Despite its economic achievements, Vietnam is still poor and hopes to receive more international support, said Prime Minister Nguyen Tan Dung at the Asian Development Bank's (ADB) meeting in Hanoi Thursday.
At the opening session of the bank's 44th annual meeting, Dung also committed that Vietnam will use any international funds "for the right purposes," and "with the highest effectiveness," VnExpress reported.
Over the past ten years the country has achieved the annual growth rate of 7.26 percent, while its poverty rate decreased from 58 percent in 1993 to less than ten percent in 2010, according to Dung.
The local economy will recover from the recent crisis within the next five years with the target growth rate of seven percent per year. Meanwhile, the poverty rate will go up two percent every year, and income in the countryside will double from last year, the news source reported.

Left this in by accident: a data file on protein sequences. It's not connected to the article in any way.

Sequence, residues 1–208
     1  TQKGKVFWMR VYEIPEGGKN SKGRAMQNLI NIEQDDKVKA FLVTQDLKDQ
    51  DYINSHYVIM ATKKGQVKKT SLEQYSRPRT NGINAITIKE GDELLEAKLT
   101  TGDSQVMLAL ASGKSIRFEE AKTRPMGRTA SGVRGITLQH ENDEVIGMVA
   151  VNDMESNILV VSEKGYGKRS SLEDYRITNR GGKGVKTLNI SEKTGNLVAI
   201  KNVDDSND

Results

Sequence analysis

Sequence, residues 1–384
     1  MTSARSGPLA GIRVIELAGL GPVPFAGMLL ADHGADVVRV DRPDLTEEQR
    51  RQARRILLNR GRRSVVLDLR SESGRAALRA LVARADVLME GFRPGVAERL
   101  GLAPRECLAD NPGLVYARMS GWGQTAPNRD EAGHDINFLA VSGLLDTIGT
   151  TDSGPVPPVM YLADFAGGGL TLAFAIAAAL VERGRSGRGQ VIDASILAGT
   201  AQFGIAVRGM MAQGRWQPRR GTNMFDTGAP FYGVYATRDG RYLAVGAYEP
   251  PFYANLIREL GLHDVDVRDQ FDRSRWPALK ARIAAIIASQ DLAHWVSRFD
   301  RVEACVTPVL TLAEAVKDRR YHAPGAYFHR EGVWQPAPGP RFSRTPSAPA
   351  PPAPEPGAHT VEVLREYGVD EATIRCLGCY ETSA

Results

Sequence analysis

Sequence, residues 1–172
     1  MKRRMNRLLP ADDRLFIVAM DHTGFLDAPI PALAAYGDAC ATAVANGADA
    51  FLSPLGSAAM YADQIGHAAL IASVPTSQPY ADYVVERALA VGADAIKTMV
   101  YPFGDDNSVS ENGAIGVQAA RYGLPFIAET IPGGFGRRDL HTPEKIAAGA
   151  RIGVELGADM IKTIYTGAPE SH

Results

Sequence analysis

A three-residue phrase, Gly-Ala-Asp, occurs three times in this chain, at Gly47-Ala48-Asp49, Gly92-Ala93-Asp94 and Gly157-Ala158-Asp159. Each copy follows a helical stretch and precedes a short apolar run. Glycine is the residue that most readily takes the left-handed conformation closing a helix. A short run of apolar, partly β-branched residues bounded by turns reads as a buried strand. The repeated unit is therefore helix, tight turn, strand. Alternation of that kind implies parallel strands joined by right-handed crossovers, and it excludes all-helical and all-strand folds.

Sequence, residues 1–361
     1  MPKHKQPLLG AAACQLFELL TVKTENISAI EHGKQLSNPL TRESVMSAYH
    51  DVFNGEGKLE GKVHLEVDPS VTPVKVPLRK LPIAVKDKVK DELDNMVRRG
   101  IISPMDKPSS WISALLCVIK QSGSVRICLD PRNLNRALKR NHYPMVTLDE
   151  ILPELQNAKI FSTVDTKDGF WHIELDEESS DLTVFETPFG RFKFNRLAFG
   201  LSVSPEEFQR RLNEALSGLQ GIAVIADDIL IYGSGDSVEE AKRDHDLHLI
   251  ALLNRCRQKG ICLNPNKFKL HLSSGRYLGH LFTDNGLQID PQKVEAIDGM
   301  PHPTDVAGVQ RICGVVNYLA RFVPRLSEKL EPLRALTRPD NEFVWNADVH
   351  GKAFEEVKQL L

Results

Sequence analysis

Meanwhile, ADB Chairman Haruhiko Kuroda congratulated Vietnam on its entry into the middle-income categories, adding that Vietnam and many other Asian countries are strengthening their positions in the global economy.
As of March ADB has pledged nearly US$10 billion to more than 100 projects in Vietnam, ranging from infrastructure development to education.
Also at the meeting, Kuroda stressed that Asian countries will be influenced by Japan's disasters on March 11 in the short term.
Developing countries will enjoy lower growth rates this year and next year 7.8 and 7.7 percent respectively, while inflation will increase, according to Kuroda.
Not to mention that hundreds of millions of people in the region are categorized as the world's poorest, he said, suggesting policymakers consider measures to curb inflation.